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Hoffmann, R. A wiki for the life sciences where authorship matters. Nature Genetics (2008)

Neonatal lethality associated with respiratory distress in mice lacking cytochrome P450 1A2.

Cytochrome P450 1A2 ( CYP1A2) is a constitutively expressed hepatic enzyme that is highly conserved among mammals. This protein is primarily involved in oxidative metabolism of xenobiotics and is capable of metabolically activating numerous procarcinogens including aflatoxin B1, arylamines, heterocyclic amine food mutagens, and polycylic aromatic hydrocarbons. Expression of CYP1A2 is induced after exposure to certain aromatic hydrocarbons (i.e., 2,3,7,8-tetrachlorodibenzo-p-dioxin). Direct evidence for a role of CYP1A2 in any physiological or developmental pathway has not been documented. We now demonstrate that mice homozygous for a targeted mutation in the Cyp1a-2 gene are nonviable. Lethality occurs shortly after birth with symptoms of severe respiratory distress. Mutant neonates display impaired respiratory function associated with histological signs of lung immaturity, lack of air in alveoli at birth, and changes in expression of surfactant apoprotein in alveolar type II cells. The penetrance of the phenotype is not complete (19 mutants survived to adulthood out of 599 mice). Surviving animals, although lacking expression of CYP1A2, appear to be normal and are able to reproduce. These findings establish that CYP1A2 is critical for neonatal survival by influencing the physiology of respiration in neonates, thus offering etiological insights for neonatal respiratory distress syndrome.[1]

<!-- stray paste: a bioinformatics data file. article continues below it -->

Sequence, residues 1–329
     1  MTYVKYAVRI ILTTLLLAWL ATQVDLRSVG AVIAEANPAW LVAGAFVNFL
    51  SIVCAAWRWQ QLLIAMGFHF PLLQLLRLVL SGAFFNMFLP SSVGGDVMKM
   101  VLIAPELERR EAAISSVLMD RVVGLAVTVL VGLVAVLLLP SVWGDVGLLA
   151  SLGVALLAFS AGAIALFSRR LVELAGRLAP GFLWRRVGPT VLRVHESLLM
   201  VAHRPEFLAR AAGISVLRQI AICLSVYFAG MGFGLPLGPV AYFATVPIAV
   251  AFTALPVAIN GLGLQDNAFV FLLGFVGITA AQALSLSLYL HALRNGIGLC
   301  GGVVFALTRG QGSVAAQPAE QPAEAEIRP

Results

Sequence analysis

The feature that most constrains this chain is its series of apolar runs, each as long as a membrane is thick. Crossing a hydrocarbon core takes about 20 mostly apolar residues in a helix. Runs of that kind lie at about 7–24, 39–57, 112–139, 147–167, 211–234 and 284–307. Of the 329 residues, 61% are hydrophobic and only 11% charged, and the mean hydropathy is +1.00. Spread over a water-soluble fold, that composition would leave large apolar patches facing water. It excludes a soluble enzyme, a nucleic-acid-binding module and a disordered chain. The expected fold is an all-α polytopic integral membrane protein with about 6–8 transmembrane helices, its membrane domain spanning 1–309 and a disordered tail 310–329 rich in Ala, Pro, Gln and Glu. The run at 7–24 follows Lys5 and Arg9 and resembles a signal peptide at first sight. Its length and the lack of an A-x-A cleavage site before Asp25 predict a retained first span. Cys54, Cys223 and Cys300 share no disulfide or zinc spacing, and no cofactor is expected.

1. Neonatal lethality associated with respiratory distress in mice lacking cytochrome P450 1A2. Pineau, T., Fernandez-Salguero, P., Lee, S.S., McPhail, T., Ward, J.M., Gonzalez, F.J. Proc. Natl. Acad. Sci. U.S.A. (1995) [Pubmed]
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